Two and a half hours later, I stepped off the ferry onto Vrångö. It’s a carless island and is very nearly the most southerly island in the archipelago. It is also possessed of a quaint little holiday town with accompanying harbour sandwiched between two large tracts of nature reserve which claim the south and north sections of the island. Now being a coffee slave such as I am, I did not jump immediately into the adventuring despite beautiful sunshine and promises of lovely views. No, instead, I stopped immediately in the first coffee shop I found which happened to be located less than 10 metres from the dock. It was all airy and quaint and terribly pretty and they served my chocolate-coconut cake on a beautiful little china saucer. It was so twee I nearly forgave them having only drip coffee poured from a carafe that had probably been out for at least an hour. Caffeine addiction is probably the most reliable way to counteract coffee snobbery.
Having finished my little fika (it’s the Swedish word for stopping in a cafe for a coffee or tea and a sweet) and having listened to an entirely adequate amount of loud meowing from the local attention-demanding feline, I took off along the path to the south. I did not stay on the path for long. Soon I was rock hopping along the coastline in a fearsome wind only partly counteracted by the sun. I came across loads of peach and white quartz, startled a flock of wild geese, found a desiccated seal skin lying beside an envelope with an nuclear waste warning, and finally found myself a perfect notch in a rock where I sat reading and basking in the sunlight and the sea breeze. Unfortunately, my metabolism is not the most efficient when it comes to being warm and so I soon found myself up and clambering once more until I reached a tiny hut atop the highest point on the island overlooking the town and the harbour. The views were nice but the wind was brutal so I jogged down the steps to the village with it’s quaint holiday houses scattered like mushrooms around the tangled twist of ‘streets’ that sliced up the small part of the island that wasn’t nature reserve.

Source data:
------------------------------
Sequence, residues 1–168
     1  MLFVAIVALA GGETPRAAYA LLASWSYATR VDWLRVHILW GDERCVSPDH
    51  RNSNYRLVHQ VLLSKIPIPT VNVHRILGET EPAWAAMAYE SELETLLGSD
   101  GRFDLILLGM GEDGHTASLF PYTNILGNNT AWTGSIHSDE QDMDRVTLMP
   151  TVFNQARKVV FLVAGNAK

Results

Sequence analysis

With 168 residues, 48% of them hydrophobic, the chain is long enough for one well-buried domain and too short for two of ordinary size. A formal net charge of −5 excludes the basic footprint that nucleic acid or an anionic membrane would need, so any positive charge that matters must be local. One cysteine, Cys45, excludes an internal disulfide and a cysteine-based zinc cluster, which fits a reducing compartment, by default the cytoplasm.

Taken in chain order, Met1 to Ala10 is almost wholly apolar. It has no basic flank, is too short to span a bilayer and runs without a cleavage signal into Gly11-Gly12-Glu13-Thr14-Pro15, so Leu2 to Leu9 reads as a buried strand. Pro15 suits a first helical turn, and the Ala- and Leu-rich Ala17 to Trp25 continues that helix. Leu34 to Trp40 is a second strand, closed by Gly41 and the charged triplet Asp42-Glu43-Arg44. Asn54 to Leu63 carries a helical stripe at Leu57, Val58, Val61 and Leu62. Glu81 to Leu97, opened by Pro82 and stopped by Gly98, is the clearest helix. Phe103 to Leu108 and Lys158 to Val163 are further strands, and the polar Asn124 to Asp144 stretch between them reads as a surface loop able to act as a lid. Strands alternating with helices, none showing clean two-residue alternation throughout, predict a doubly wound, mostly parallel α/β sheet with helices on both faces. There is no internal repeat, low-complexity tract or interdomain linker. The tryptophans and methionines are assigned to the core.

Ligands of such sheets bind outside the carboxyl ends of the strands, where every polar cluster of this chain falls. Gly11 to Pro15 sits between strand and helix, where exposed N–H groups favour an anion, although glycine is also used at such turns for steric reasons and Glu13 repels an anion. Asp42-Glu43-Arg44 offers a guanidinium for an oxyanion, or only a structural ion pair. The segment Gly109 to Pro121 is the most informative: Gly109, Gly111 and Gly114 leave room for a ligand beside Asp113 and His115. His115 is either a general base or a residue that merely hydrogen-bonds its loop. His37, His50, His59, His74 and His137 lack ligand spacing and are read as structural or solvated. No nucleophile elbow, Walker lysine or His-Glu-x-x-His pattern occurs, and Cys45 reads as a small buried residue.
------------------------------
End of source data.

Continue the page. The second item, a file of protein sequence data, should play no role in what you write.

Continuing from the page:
After a small adventure around the town I was still not ready to return to the ferry so I decided to check out the North side. Strolling through rocky shorelines, sandy beaches, rolling sheep fields and snug little forests I found myself caught in an intermittent rainstorm which alternated between brilliant sunlight and angry little spats of showers. Fortunately I was equipped with my super-duper impermeable (and also hideously bright) rain jacket so I stayed mostly dry if not entirely delighted with the weather. After finishing my loop of the northern nature reserve, I stumbled across a quaint little old graveyard with a chapel on stilts. It was a curious little place in the forest but somehow I liked it for it’s smallness and simplicity.